Posts Tagged ‘ Miscellaneous Science ’

How to discuss your research findings without getting into “hypothesis testing”?

October 21, 2017
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Zachary Horne writes: I regularly read your blog and have recently started using Stan. One thing that you’ve brought up in the discussion of nhst [null hypothesis significance testing] is the idea that hypothesis testing itself is problematic. However, because I am an experimental psychologist, one thing I do (or I think I’m doing anyway) […] The post How to discuss your research findings without getting into “hypothesis testing”? appeared…

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“La critique est la vie de la science”: I kinda get annoyed when people set themselves up as the voice of reason but don’t ever get around to explaining what’s the unreasonable thing they dislike.

October 20, 2017
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Someone pointed me to a blog post, Negative Psychology, from 2014 by Jim Coan about the replication crisis in psychology. My reaction: I find it hard to make sense of what he is saying because he doesn’t offer any examples of the “negative psychology” phenomenon that he discussing. I kinda get annoyed when people set […] The post “La critique est la vie de la science”: I kinda get annoyed…

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From perpetual motion machines to embodied cognition: The boundaries of pseudoscience are being pushed back into the trivial.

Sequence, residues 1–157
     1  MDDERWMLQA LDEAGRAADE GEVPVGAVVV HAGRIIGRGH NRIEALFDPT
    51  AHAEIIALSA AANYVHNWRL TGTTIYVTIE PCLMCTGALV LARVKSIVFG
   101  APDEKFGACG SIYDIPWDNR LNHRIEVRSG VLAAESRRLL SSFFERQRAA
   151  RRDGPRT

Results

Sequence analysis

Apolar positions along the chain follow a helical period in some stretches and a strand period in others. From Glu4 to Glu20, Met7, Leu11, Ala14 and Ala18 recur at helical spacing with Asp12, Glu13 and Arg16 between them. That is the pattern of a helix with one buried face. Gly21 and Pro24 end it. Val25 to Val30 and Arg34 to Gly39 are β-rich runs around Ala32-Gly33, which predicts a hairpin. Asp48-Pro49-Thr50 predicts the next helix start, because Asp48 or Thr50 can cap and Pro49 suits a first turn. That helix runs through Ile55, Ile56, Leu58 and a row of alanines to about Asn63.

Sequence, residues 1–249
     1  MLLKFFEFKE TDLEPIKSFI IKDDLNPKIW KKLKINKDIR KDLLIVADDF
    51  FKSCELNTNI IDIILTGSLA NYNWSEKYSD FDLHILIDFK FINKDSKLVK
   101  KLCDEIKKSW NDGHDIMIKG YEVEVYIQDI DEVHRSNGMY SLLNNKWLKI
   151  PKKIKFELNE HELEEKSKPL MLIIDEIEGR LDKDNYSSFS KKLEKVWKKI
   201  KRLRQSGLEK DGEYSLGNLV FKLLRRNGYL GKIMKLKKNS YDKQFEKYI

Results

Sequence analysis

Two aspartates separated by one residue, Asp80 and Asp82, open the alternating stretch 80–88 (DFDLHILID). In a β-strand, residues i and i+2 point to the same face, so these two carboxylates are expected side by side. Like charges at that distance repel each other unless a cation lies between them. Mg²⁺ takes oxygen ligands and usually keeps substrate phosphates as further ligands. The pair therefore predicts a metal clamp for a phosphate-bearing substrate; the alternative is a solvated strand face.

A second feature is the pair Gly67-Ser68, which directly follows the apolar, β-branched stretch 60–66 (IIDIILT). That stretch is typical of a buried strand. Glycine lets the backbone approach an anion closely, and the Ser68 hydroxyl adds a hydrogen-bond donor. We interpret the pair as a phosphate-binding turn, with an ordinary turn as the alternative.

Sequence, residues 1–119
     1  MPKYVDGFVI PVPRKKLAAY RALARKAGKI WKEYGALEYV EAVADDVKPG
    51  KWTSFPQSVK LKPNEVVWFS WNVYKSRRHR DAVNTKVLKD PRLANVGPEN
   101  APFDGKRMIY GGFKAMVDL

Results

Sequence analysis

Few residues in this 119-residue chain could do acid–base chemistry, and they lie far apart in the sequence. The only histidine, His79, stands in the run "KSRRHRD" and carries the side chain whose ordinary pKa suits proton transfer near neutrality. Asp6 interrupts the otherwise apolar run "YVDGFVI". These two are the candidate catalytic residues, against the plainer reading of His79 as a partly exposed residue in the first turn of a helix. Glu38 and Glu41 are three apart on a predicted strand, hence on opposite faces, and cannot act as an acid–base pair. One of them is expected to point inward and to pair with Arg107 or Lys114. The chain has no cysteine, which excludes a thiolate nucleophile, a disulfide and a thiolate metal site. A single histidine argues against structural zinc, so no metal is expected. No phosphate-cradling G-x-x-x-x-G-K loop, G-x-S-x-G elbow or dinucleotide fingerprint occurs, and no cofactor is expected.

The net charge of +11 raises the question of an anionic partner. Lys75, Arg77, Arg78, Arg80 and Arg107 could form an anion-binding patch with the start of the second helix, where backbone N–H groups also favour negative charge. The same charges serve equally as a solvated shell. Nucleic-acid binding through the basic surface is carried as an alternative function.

October 18, 2017
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From perpetual motion machines to embodied cognition:  The boundaries of pseudoscience are being pushed back into the trivial.

This exchange came from a comment thread last year. Diana Senechal points to this bizarre thing: Brian Little says in Me, Myself, and Us (regarding the “lemon introvert test”): One of the more interesting ways of informally assessing extraversion at the biogenic level is to do the lemon-drop test. [Description of experiment omitted from present […] The post From perpetual motion machines to embodied cognition: The boundaries of pseudoscience are…

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Analyzing New Zealand fatal traffic crashes in Stan with added open-access science

October 17, 2017
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Open-access science I’ll get to the meat of this post in a second, but I just wanted to highlight how the study I’m about to talk about was done in the open and how that helped everyone. Tim Makarios read the study and responded in the blog comments, Hold on. As I first skimmed this […] The post Analyzing New Zealand fatal traffic crashes in Stan with added open-access science…

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“I agree entirely that the way to go is to build some model of attitudes and how they’re affected by recent weather and to fit such a model to “thick” data—rather than to zip in and try to grab statistically significant stylized facts about people’s cognitive illusions in this area.”

October 14, 2017
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Angus Reynolds sent me a long email. I’ll share it in a moment but first here’s my reply: I don’t have much to say here, except that: 1. It’s nearly a year later but Christmas is coming again so here’s my post. 2. Yes, the effects of local weather on climate change attitudes do seem […] The post “I agree entirely that the way to go is to build some…